These opportunities at various centers are usually paid hourly. They also are not usually full-time positions. A yoga therapist working for a wellness center or in the public health sphere can expect to make anywhere from $25 to $120 per hour.

As with private practice yoga therapy jobs, the salary you earn will depend on a number of factors, including:

  • Location: In bigger cities, the cost of living as well as the demand for yoga therapy tends to be higher, allowing you to find higher paying jobs than in many smaller cities.
  • Experience: As you deepen your knowledge and build a positive reputation among hospitals, centers, or other public institutions, you become a more valuable asset and can increase your earning potential. According to data from Glassdoor, yoga therapists earn more than yoga teachers on average.
  • Skill Level: Certain positions require yoga therapy certification, which can earn you more. On average, yoga therapists earn slightly more than yoga teachers or instructors in the U.S., as shown in the data above from ZipRecruiter. If you develop areas of expertise that are in demand, you may be qualified for higher paying positions. For example, specializing in yoga therapy for trauma and PTSD could make it easier to get hired and advance your yoga therapy career at the V.A.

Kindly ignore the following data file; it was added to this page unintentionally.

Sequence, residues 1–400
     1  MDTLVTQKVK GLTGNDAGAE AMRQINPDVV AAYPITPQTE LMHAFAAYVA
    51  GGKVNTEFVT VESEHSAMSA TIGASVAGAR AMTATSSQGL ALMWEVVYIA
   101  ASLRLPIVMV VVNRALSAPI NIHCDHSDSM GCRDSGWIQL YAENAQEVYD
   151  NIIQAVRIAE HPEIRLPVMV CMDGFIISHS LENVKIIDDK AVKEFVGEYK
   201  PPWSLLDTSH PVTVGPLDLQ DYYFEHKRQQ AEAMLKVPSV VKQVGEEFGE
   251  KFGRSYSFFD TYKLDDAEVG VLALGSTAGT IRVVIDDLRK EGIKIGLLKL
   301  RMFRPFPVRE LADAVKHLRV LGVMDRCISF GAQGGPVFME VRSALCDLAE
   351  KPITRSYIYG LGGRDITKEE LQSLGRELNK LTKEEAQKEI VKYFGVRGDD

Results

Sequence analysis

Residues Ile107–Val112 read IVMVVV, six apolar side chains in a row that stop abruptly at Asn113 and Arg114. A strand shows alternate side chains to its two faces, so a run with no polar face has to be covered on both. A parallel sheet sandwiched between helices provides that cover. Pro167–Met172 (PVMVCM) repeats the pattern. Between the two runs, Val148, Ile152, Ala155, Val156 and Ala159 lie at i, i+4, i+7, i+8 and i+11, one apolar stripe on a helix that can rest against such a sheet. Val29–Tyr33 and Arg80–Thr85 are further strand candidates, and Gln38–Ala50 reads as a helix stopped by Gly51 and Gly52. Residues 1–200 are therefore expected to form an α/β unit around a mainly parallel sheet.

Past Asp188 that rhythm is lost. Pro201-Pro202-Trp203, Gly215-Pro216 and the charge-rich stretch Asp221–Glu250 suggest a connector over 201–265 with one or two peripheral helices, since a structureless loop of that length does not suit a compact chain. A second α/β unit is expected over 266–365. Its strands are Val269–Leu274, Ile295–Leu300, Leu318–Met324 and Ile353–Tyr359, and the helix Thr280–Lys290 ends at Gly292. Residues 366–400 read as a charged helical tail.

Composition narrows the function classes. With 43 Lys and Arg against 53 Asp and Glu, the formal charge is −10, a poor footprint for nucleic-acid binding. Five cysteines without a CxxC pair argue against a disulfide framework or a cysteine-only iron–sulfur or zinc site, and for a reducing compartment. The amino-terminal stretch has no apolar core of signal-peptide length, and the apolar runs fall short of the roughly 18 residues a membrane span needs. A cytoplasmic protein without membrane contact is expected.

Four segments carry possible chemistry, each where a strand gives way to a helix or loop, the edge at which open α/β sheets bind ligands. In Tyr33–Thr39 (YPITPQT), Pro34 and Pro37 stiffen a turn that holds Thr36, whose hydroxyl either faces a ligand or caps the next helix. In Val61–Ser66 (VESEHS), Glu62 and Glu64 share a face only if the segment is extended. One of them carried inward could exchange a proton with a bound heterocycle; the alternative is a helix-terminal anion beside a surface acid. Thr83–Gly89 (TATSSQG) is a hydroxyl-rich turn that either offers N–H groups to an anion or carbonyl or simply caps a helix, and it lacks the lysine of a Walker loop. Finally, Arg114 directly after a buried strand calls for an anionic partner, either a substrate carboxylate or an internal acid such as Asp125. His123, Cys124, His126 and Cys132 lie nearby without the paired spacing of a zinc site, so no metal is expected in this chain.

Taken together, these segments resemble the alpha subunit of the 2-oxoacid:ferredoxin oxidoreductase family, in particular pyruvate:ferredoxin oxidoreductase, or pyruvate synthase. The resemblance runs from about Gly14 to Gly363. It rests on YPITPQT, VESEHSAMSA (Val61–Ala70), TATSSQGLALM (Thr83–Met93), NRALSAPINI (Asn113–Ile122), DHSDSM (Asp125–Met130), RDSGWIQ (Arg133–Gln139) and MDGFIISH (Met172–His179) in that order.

For more information and data, read our guide to yoga therapist salary.

How Many Jobs for Yoga Therapists Are There?

In my years as a yoga therapist myself and helping new yoga therapists train and start their careers, I have seen all of these types of public positions advertised for, which is very encouraging.

I’ve trained students who have gone on to find yoga therapist jobs at the V.A., in other hospital settings, in school systems, at mental health facilities, at addiction centers, and more. I once saw a job listing for the U.S. Capitol Police, which was over $100K per year. One former student found work at an addiction center full-time, getting paid by the hour, which I hadn’t seen before.

The fact that institutions and healthcare practices know to ask for a yoga therapist is a sign that the field is moving forward and that more and more job opportunities for yoga therapists are coming. One area where it’s still challenging to find a job is as a professor teaching yoga therapy at the university level, given the small number of master’s programs in yoga therapy available.